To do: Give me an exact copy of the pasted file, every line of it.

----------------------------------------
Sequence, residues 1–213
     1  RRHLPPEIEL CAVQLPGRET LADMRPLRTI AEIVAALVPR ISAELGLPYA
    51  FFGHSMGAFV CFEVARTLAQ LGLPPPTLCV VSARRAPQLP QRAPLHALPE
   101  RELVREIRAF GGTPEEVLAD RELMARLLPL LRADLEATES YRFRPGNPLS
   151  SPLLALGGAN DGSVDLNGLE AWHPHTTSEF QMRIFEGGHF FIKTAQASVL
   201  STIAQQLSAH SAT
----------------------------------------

Sequence, residues 1–213
     1  RRHLPPEIEL CAVQLPGRET LADMRPLRTI AEIVAALVPR ISAELGLPYA
    51  FFGHSMGAFV CFEVARTLAQ LGLPPPTLCV VSARRAPQLP QRAPLHALPE
   101  RELVREIRAF GGTPEEVLAD RELMARLLPL LRADLEATES YRFRPGNPLS
   151  SPLLALGGAN DGSVDLNGLE AWHPHTTSEF QMRIFEGGHF FIKTAQASVL
   201  STIAQQLSAH SAT